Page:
Under pressure from his billionaire investors, the original company mastermind Rene Benko has to hand over the helm to reorganizer Arndt Geiwitz. “We don’t yet know how bad it is,” said Signa investor Hans-Peter Haselsteiner in the “Tiroler Tageszeitung” at the weekend. Without new money from all fellow investors, nothing will happen. But the first investors apparently want to be paid out.
The German expert Geiwitz is supposed to save the matter and Benko is no longer in charge of the Signa advisory board. The short-term debts are said to amount to 2 billion euros – of which 1.3 billion euros are to be serviced this year. “Working this out is now the number one task of the restructuring officer Geiwitz,” said Haselsteiner to the “Tiroler Tageszeitung”.
- Also read: Haselsteiner about Benko’s Signa: “Some mistakes have left their mark”
Time is running out. An agreement is being negotiated among investors. There is also talk in German media reports of a “temporary” relinquishment of voting rights by Benko. Haselsteiner had announced that Benko was basically ready to do this, without specifying a time period. The “Welt am Sonntag” writes that after years of big dividends, Benko has allegedly been approaching investors for fresh capital for months. Signa was still saying in the spring that the situation was good despite the interest rate turnaround and the war in Ukraine, and that even projects like Hamburg’s first skyscraper, the Elbtower, were very solidly financed. The construction freezes impressively signal the opposite.
According to “Welt”, important investors such as Roland Berger have already announced that they want to cash out. But it is unclear whether this is even financially possible.
- The backgrounds: Rene Benko is retiring as head of the Signa advisory board
It is difficult to assess from the outside what the Signa Group’s finances really are. Leonhard Dobusch, economist and scientific director of the employee-oriented Momentum Institute, who has been involved with the group for a long time, also said this, according to ORF radio Ö1 (Saturday). However, the group probably needs fresh money quickly to maintain its business model, explains Dobusch.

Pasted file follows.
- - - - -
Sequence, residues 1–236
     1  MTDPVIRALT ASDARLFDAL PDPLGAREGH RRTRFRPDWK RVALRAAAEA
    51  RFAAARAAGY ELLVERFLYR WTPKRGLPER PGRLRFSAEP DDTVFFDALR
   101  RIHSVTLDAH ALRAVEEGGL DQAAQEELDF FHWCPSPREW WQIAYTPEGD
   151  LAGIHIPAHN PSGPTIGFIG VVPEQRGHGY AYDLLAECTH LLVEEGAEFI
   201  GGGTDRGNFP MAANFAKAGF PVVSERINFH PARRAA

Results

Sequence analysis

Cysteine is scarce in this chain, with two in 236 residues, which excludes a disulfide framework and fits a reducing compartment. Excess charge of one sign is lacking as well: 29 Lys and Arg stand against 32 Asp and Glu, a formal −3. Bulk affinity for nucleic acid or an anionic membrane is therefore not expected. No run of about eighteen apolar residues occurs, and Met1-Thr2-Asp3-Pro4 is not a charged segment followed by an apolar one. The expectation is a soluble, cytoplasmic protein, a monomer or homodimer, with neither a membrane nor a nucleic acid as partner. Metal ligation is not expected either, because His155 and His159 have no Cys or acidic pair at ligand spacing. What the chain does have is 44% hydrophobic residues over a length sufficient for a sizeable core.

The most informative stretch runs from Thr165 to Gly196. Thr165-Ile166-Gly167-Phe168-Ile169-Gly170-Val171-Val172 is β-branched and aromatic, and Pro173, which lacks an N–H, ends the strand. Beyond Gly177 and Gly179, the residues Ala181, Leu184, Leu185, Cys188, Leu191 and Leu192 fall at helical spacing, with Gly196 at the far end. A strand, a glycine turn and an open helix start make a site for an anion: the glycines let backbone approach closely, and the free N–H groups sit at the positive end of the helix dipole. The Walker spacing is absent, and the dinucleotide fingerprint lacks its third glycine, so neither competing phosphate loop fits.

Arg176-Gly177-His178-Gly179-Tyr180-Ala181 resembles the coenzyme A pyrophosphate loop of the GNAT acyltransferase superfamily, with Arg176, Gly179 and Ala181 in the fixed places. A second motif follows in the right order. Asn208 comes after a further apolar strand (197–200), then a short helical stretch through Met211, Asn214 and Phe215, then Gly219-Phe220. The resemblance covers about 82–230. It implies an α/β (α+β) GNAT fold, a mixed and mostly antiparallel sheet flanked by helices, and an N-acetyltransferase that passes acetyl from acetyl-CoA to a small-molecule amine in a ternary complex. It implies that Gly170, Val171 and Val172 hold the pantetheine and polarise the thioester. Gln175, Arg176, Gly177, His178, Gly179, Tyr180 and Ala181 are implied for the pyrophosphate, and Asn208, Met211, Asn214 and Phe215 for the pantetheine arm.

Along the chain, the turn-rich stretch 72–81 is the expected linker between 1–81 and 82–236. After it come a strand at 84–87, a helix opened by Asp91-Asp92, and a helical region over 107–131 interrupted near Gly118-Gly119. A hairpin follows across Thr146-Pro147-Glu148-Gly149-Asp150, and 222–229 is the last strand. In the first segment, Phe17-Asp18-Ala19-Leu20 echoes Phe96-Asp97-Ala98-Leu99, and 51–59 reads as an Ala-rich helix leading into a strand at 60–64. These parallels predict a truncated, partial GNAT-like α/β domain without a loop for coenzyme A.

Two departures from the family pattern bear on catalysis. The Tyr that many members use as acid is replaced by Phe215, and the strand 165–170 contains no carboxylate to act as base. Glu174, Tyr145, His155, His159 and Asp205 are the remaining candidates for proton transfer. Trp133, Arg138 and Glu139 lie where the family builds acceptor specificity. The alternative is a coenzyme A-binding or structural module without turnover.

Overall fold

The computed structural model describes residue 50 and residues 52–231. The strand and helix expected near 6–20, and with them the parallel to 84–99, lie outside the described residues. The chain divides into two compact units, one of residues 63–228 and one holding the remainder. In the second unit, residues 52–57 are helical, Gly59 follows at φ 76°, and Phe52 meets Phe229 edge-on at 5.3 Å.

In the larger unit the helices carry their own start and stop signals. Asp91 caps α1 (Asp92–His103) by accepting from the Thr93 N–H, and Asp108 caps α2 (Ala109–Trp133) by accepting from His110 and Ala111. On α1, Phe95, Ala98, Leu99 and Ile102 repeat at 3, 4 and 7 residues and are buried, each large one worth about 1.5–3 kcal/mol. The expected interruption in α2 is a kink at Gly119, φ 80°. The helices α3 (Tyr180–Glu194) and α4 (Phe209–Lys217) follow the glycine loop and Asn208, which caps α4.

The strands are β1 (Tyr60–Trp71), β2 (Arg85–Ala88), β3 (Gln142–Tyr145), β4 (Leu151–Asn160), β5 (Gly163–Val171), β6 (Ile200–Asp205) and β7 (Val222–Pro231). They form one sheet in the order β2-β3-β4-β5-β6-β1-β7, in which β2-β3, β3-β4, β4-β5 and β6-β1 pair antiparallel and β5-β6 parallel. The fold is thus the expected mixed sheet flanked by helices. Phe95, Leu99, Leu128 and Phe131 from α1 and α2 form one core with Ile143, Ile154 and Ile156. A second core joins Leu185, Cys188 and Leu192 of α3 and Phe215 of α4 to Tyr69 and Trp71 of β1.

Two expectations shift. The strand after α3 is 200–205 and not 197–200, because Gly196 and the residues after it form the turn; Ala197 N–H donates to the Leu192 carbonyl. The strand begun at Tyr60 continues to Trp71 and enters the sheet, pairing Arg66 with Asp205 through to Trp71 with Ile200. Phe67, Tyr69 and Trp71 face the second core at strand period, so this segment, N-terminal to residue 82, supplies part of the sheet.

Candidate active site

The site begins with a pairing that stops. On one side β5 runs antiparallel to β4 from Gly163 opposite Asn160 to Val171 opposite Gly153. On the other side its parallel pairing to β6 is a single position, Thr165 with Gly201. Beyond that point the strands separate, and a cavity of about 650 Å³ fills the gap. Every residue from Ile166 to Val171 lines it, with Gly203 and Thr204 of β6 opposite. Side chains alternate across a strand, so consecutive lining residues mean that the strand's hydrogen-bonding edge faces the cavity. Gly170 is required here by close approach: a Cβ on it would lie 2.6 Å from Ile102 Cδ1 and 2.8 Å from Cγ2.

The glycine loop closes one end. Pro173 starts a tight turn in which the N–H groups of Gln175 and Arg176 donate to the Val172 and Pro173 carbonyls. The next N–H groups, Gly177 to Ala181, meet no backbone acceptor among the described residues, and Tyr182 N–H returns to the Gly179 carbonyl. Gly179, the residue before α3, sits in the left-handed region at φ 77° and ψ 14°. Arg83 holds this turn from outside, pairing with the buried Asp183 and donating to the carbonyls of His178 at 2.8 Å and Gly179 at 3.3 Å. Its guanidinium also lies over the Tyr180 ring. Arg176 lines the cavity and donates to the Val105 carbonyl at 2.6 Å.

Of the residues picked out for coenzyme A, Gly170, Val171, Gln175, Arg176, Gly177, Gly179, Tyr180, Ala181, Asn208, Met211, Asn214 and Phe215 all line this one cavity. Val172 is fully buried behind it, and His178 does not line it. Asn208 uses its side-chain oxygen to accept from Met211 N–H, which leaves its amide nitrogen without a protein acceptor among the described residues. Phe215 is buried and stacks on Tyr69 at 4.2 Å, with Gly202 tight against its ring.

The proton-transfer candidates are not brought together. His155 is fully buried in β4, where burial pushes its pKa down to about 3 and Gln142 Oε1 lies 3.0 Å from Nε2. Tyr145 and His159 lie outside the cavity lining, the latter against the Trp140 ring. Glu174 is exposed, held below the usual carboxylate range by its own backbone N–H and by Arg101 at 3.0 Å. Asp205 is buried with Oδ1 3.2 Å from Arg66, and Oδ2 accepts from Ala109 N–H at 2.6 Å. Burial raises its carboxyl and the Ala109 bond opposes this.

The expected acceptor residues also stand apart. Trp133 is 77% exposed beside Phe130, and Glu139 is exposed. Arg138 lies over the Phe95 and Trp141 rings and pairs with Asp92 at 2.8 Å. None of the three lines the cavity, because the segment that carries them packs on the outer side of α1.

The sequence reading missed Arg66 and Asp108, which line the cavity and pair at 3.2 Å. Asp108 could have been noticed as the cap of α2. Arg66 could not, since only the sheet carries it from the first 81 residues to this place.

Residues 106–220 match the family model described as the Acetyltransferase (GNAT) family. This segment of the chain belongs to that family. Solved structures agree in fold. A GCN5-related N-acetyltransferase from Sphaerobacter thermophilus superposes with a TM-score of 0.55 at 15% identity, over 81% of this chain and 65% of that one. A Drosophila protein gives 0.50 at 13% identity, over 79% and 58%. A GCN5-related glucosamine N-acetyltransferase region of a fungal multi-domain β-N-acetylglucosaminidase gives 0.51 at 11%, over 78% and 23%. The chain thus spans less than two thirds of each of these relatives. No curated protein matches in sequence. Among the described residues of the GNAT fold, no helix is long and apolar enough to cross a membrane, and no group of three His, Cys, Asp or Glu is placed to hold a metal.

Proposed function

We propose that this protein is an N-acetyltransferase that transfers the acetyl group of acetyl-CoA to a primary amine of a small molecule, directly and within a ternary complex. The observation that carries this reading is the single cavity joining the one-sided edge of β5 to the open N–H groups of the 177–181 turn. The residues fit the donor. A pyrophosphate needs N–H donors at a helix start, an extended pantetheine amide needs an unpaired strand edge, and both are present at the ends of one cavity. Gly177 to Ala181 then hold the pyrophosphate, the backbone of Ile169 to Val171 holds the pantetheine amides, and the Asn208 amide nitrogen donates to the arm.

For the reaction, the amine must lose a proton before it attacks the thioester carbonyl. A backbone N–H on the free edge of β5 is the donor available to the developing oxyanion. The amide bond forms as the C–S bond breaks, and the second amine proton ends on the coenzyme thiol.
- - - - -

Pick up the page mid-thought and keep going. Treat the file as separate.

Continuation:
In the course of his withdrawal, Benko is demanding – probably absolutely necessary – contributions from the international, billion-dollar co-shareholders that he had originally brought on board. “Nobody knows how high the amount is,” Haselsteiner refers again to Geiwitz. According to “TT”, Haselsteiner hopes that all shareholders will go along with it: “Otherwise it won’t work.” He himself has 15 percent invested in Signa through a foundation.
Their structure is overall opaque. Media inquiries have recently not been answered. There was no new information from Geiwitz or his press office over the weekend. It remains to be seen whether all international investors are prepared to invest, as Haselsteiner hopes, without at least publicly estimating any sums. Orderly sales and a reorganization would of course be far less costly than a second Kika/Leiner, as Haselsteiner recently said in the “Standard”.
- More on the subject: Twilight of the Gods: The Problems of Musk and Benko
The “Kleine Zeitung” (Sunday) states that the majority of Signa’s liabilities are bank debts with the largest creditors being the Raiffeisen Group and Bank Austria. According to media reports, the debts of Signa Prime (including KaDeWe Berlin) are said to have totaled 10.8 billion euros at the end of 2022. The result also turned significantly into the red; after a profit of 700 million euros in 2021, the loss in 2022 was 1.019 billion euros. As early as 2022, the liabilities would no longer have been able to be serviced using our own resources, writes the “Kleine”. Without a capital increase of 750 million euros, Signa Prime would have been threatened with insolvency last year.